Thursday, October 2, 2008
Lubomyr Melnyk - The Lund-St. Petri Symphony For Double Piano Part I
It's a rare occasion when a single person comes along and does something so completely original and amazing that it changes the way you view things forever. If you haven't heard of Lubomyr Melnyk before, prepare to be be brain fuckled.
Melnyk created an entirely new way of playing piano which he calls Continuous Music. It's appropriately titled because he plays (in the case of The Lund-St. Petri Symphony) at the speed of 11-14 notes per second in each hand. For 45 minutes. That's at least 30,000 notes on one record. By one man. I don't know what how many notes are found on the average 45 minute record, but lets just assume it's less. Like, a lot less. He actually holds two world records for being the most awesomest pianist ever. One for Fastest Pianist (19.5 notes per second in each hand) and another for Most Number Of Notes In One Hour (93,650 individual notes in 60 minutes, averaging 13 notes per second in each hand).
OK, so this guy has really fast fingers. Cool. Another novelty record? NO. How dare you. This is not a "novelty record." This is some of the most gorgeous, hypnotic music I've ever heard, swallowing my body in a "Sea Of Sound." Listening to Melnyk play the piano is truly breathtaking and unlike any experience you've likely had.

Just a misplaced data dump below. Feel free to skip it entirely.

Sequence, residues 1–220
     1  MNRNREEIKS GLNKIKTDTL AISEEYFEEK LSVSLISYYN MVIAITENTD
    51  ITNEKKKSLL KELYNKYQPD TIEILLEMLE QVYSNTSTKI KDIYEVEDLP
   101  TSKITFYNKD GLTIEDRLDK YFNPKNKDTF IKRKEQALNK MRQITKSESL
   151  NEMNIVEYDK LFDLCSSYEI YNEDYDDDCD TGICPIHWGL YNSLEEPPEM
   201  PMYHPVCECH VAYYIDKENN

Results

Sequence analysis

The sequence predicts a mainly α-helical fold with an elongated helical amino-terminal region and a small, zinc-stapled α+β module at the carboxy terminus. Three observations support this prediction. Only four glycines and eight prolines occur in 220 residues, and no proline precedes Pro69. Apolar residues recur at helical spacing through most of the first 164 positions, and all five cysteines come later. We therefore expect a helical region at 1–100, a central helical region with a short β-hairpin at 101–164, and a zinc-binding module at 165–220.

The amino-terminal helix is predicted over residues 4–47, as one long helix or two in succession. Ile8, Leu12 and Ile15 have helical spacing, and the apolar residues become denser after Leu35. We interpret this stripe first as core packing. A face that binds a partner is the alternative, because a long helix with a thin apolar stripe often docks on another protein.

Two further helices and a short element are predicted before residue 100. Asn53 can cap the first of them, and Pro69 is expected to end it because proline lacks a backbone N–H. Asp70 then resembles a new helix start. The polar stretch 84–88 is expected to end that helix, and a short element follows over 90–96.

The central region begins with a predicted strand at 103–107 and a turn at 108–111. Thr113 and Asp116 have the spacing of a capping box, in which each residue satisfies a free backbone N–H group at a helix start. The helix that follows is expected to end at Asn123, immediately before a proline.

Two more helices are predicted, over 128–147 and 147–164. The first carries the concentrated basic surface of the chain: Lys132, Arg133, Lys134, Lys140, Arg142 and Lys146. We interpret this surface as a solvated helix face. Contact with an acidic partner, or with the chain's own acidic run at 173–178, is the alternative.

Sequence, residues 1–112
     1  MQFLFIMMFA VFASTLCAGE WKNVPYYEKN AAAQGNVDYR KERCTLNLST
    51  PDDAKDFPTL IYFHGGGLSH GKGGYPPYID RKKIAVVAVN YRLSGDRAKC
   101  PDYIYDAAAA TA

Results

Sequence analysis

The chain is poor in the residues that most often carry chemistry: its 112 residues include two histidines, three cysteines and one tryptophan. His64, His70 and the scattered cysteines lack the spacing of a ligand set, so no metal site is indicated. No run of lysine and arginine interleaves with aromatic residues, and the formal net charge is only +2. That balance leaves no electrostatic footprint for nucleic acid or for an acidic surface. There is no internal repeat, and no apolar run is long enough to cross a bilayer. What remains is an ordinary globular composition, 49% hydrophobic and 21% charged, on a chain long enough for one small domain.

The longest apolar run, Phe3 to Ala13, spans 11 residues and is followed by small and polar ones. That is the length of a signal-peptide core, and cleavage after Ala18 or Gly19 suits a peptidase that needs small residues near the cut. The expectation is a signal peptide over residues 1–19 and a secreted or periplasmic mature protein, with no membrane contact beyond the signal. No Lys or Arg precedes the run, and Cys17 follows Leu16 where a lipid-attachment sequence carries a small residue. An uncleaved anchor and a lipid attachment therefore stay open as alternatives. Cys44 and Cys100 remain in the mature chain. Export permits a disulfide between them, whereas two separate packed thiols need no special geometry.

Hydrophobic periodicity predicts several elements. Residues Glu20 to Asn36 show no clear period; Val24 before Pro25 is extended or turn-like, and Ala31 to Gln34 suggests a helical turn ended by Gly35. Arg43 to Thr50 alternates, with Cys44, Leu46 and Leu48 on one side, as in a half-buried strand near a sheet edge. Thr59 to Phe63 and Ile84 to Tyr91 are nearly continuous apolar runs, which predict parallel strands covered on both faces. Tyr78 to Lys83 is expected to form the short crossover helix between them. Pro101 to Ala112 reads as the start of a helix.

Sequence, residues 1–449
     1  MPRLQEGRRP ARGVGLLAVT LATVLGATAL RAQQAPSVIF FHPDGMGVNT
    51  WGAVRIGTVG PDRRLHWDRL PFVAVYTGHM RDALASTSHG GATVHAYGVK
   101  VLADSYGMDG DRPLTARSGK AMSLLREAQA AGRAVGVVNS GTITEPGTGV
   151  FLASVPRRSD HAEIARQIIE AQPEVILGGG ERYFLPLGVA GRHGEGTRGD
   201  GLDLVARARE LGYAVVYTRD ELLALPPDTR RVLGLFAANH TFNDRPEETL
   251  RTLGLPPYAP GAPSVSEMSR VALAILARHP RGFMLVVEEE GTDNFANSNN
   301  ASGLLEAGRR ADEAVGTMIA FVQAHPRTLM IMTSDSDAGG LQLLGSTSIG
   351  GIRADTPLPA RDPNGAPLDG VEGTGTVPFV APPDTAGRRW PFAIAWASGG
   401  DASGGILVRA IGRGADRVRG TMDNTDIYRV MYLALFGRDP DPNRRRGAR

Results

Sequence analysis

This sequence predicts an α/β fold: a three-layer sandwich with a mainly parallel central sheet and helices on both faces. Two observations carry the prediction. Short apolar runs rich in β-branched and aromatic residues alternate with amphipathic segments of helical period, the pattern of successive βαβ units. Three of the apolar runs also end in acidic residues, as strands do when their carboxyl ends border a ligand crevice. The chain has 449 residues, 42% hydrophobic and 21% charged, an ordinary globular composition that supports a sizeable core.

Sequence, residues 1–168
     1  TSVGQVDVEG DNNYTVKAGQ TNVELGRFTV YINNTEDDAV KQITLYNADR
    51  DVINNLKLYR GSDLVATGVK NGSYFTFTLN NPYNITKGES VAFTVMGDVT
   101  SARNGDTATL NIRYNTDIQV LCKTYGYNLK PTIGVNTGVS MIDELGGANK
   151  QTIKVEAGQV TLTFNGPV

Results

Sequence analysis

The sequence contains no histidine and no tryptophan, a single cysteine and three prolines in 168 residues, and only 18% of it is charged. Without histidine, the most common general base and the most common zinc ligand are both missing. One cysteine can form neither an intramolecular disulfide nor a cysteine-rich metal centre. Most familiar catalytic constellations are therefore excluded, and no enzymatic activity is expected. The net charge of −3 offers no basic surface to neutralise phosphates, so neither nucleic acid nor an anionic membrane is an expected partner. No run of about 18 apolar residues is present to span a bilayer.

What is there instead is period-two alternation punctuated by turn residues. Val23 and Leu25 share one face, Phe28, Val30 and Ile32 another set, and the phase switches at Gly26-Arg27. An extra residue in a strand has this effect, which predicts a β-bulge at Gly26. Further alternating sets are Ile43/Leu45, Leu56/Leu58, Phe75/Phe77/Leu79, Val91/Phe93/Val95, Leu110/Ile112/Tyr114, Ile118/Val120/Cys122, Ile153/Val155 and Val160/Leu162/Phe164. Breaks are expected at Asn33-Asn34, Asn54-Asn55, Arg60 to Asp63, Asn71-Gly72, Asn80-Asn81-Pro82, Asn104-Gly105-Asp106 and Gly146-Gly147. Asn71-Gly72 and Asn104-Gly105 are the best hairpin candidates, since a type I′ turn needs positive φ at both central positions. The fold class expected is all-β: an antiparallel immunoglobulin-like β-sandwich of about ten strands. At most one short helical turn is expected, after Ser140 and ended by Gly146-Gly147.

The Lund-St. Petri Symphony was originally composed and performed live played on 3 organs (but recorded on piano) in the Domkyrkan cathedral in Lund, Sweden. However, Melnyk claims that current technology would be unable to capture the "extreme density of sound" of 3 pianos (which I believe) and hence the recorded version contains the piece played on both solo (first disc) and double (second disc) piano. Melnyk hoped that one day he could release a version with an extra disc/record that contained the third piano and would be played simultaneously with the first disc but that has never happened and probably never will. We will just have to settle to imagine what the original triple organ performance in Domkyrkan sounded like. Sadly, I don't think my brain is up to the challenge.
I urge you to find and listen to as much of Lubomyr Melnyk's Continuous Music as possible. It's rare to come by and if you ever find a recording somewhere, buy it immediately. If you regret your purchase, then I don't like you.